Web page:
SMALL HYDROPOWER DEVELOPMENT IN AFRICA

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July 31, 2007

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By Wim Jonker Klunne, Renewable energy and climate change expert, http://hydro4africa.net

There is enormous exploitable hydropower potential on the African continent, but despite this, Africa has one of the lowest hydropower utilisation rates. Currently less than 7 % of the potential has been harnessed. Eastern, southern, central and parts of western Africa have many permanent rivers and streams providing excellent opportunities for hydropower development.

While large-scale hydropower development is becoming a challenge due to environmental and socio-economic concerns — and more recently its vulnerability to changing climates — small hydropower development continues to be an attractive resource, especially in remote parts of Africa. It is a proven technology that can be connected to the main grid, isolated grids or as a stand-alone option, or combined with irrigation systems. Small hydro can adequately contribute to the electricity needs of African countries.

TABLE 1
Installed SHP capacity by world region
(source: The International Journal on hydropower and Dams, 2004 and US DOE, 2004)

Region

Installed SHP capacity
Percentage
Asia 32,642 68.0 %
Africa 228 0.5 %
South America 1,280 2.7 %
North & Central America 2,929 6.1 %
Europe 10,723 22.3 %
Australasie – Oceania 198 0.4 %
TOTAL 47,997 100 %

Although there is no internationally agreed definition of “small” hydro, the upper limit is usually taken in line with the World Commission on Dams as 10 MW of installed capacity, although large countries as China and India tend to put the limit higher at 50 MW and 25 MW respectively. Within the range of small hydro, distinction can be made between mini hydro (below 1MW), micro hydro (below 300 kW) and pico-hydro (below 10 kW), each with its own specific technical characteristics. Micro and pico-hydro installations are typically used in developing countries for energy provision to isolated communities where the national electricity grid is not available, whereas mini hydro tends to be grid connected. Micro and pico-hydro can also differ from mini hydro due to the extended possibility of using local materials and labour in the case of first two, while mini hydro typically involves more traditional engineering approaches and will usually need a heavy access road for delivery of materials and electro-mechanical equipment.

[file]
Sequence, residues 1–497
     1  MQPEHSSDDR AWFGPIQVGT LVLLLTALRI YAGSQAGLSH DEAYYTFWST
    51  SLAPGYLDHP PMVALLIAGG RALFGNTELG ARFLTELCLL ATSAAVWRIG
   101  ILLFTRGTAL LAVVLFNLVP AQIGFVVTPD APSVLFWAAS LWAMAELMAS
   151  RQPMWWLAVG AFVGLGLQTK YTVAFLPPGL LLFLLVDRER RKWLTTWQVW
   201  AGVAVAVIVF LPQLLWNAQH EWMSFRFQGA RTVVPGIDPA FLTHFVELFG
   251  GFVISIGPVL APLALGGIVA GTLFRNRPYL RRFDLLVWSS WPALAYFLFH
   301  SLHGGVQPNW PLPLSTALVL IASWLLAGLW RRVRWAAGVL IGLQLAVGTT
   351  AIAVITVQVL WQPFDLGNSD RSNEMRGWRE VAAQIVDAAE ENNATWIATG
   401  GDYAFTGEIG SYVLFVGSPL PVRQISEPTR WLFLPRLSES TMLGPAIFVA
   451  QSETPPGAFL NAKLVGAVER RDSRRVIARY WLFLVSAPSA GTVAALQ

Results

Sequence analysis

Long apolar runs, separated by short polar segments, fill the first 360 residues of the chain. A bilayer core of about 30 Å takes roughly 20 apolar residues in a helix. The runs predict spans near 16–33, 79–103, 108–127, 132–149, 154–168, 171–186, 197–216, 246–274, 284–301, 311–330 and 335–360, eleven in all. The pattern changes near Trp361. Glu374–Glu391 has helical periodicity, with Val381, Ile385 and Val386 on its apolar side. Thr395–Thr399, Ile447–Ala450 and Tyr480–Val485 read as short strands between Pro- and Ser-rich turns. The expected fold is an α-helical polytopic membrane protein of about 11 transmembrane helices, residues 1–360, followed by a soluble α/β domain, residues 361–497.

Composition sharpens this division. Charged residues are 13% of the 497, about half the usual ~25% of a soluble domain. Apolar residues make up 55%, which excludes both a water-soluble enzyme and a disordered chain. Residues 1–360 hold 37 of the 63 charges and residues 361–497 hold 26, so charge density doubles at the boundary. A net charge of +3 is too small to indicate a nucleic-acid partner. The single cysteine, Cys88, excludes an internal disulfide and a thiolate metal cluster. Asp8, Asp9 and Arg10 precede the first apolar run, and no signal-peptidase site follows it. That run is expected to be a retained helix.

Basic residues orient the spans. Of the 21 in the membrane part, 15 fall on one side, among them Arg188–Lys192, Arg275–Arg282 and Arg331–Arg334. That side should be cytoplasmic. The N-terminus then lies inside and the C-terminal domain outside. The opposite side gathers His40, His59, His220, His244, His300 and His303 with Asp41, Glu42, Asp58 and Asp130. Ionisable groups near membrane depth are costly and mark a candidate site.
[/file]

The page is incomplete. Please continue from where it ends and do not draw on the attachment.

In general terms the environmental impacts of small hydro plants are minimal through the use of “run-of-the-river” schemes in which no dam or reservoir storage is involved.

BARRIERS TO LARGER UPTAKE OF SMALL HYDRO IN AFRICA

The challenges facing small hydropower exploitation are many and most of them are part of the larger picture of general barriers for the uptake of renewable energy and independent power producers. These generic barriers can be summarised into the lack of clear-cut policies on renewable energy and associated requisite budgetary allocations to create an enabling environment for mobilising resources and encouraging private sector investment, and the absence of lost-cost, long-term financing models to provide renewables to customers at affordable prices while ensuring that the industry remains sustainable.

Specifically for small hydro, large scale implementation is hindered by:

  1. Lack of access to appropriate technologies in the mini, micro and pico hydro categories, which because small heads and high volumes or very high heads and low volumes pose special technical challenges
  2. Lack of infrastructure for manufacturing, installation and operation. Most of the countries in Africa do not have any facility to manufacture even the most rudimentary turbines or parts that might be critical in maintenance of the schemes. An example is the availability of capacity to manufacture high-density polyvinyl pipes that can serve as good penstocks for the micro hydro schemes. Few countries have these products and as such, exploitation of otherwise simple sites has been hampered by this deficiency
  3. Lack of local capacity to design and develop small hydropower schemes for areas sometimes considered too remote. Generally, most of the countries lack specialisation to undertake feasibility studies, detailed studies that would include detailed design and costing of the schemes to make a meaningful impact on utilisation of small hydro sites.  

IMPLEMENTING SMALL HYDRO IN AFRICA

At the moment several initiatives are ongoing to help developing small hydropower in Africa. Both UNDP and UNEP are active in support programmes to remove barriers to the harnessing of the large small hydro potential, small hydro support centres are established or in the process of being established in a number of countries and a number of national rural electrification programs do include electricity generation by small hydro.

The United Nations Environment Programme (UNEP) is implementing a Global Environment Facility (GEF) funded project that looks at the possibilities of applying small hydro at tea estates to generate electricity in the Eastern Africa region. Starting from the premises that tea does need altitude and water to grow, which are requirements for hydropower as well, a collaboration of the East African Tea Trade Association (EATTA), UNEP and the GEF is currently looking in setting up a facility to accelerate the uptake of hydropower.